LINGUIST List 4.124

Tue 23 Feb 1993

Qs: Character Recognition; Latin; Chaining; Thing is

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  1. Frank Schumacher, character-recognition
  2. , Latin demonstratives
  3. Shin-Ja Hwang, Head-initial chaining languages
  4. , The thing is...

Message 1: character-recognition

Date: Fri, 19 Feb 1993 13:34:36 character-recognition
From: Frank Schumacher <>
Subject: character-recognition

Does anybody know where I can find a good, new, and maybe somehow complete
bibliography on character-recognition in general and the problem of chinese-
character-recognition in particular?

Frank Schumacher
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Message 2: Latin demonstratives

Date: Sat, 20 Feb 1993 11:49 MSTLatin demonstratives
Subject: Latin demonstratives

A student of mine is doing a paper on the development of Romance
articles from Latin demonstratives, and would like information on
the possibility of Latin having used the demonstratives generically,
as in 'The (dem) lion is a noble beast'. Any leads would be very

Carol Georgopoulos
Linguistics Program
University of Utah or
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Message 3: Head-initial chaining languages

Date: 18 Feb 1993 16:40:00 -0600Head-initial chaining languages
From: Shin-Ja Hwang <>
Subject: Head-initial chaining languages

Most discussions on chaining languages so far have focused on what I will call
here Head-Final Chaining languages, i.e., those with medial clauses (also
called coordinate dependent and cosubordinate clauses) followed by the
fully-inflected final clause. Most of these languages are SOV (head-final in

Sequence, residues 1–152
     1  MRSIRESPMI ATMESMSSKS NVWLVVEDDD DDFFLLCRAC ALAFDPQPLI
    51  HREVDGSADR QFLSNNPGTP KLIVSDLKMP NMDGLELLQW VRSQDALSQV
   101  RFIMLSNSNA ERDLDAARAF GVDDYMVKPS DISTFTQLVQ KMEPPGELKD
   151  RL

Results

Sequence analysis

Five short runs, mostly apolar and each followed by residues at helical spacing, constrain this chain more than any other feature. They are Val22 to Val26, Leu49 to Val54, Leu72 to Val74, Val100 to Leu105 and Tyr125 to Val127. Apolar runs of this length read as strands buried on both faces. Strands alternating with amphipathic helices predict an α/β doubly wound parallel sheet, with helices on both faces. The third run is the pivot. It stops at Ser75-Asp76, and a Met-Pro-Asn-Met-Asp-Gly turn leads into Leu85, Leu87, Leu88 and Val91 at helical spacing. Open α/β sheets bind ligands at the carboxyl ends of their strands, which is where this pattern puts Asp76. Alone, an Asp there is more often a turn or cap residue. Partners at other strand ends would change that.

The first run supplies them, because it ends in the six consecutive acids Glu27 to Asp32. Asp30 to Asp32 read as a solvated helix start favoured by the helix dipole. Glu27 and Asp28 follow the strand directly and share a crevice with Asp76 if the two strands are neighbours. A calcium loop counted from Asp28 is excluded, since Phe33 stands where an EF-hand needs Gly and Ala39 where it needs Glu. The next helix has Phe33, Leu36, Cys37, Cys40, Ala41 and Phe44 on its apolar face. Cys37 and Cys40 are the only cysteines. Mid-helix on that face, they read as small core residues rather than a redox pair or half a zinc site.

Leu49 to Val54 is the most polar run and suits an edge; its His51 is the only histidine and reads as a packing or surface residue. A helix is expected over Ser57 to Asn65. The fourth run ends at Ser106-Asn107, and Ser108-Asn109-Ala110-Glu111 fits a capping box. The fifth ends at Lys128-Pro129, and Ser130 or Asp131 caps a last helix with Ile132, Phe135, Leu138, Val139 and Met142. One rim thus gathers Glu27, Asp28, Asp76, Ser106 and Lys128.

the clause structure) and found in Papua New Guinea, Colombia, India, North
America, etc. Many of them also have some kind of switch reference morphology
on the verb, which cataphorically predicts whether the following (or
final) clause subject (or topic, more broadly) would be the same or
different. It seems that, however, not all chaining languages have switch
reference suffixes in the verb; only some correlation which may indicate a
tendency, as is the case of Japanese and Korean.

Now, I would like to know of languages which display a mirror image to this
Head-Final chaining. Bob Longacre's book, "Storyline concerns and word order
typology in East and West Africa," includes a description of such Head-Initial
chaining languages found in Africa. Are there similar Head-Initial Chaining
languages in other parts of the world? In such a language (usually with the
basic order of VSO or SVO, I would expect), the Initial verb/clause assumes
the functional load of inflectional marking for tense and mode, while the
Consecutive verbs/clauses are reduced in form (may have been called "gerund"
or "stem" or "participle"), showing a grammatical dependency but not quite as
subordinated as adverbial clauses. The interclausal conjunction may be in the
form of a prefix to the verb or an independent word at the beginning of the
clause (which may mark for switch reference as well). An example from English
to show a comparable chain could be taken from Givon's "Syntax" vol. 2, p.877:

 a. Mary has been coming here every summer,
 b. gathering plants,
 c. watching birds,
 d. collecting rocks
 e. and just resting and having a quiet time.

Does anyone know a language and have data displaying such Head-Initial

Shin Ja Hwang (Summer Institute of Linguistics, 7500 W. Camp Wisdom, Dallas, TX
75116; e-mail:
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Message 4: The thing is...

Date: Mon, 22 Feb 93 17:23:15 PSThe thing is...
From: <>
Subject: The thing is...

I'm looking for 'real' (transcribed from a recording) examples
of utterance-initial "the (only) thing is" and utterance-final
"that's the (only) thing", as in:

A: Are you going swimming today?
B: I don't know. The thing is, I have a class until 2:30.


A: Are you driving there.
B: I don't know. If it rains, the roads may freeze again.
 That's the only thing.

I would sure appreciate it if anyone who has such an example
mails it to me at:

Anyone interested may mail me for the results of this
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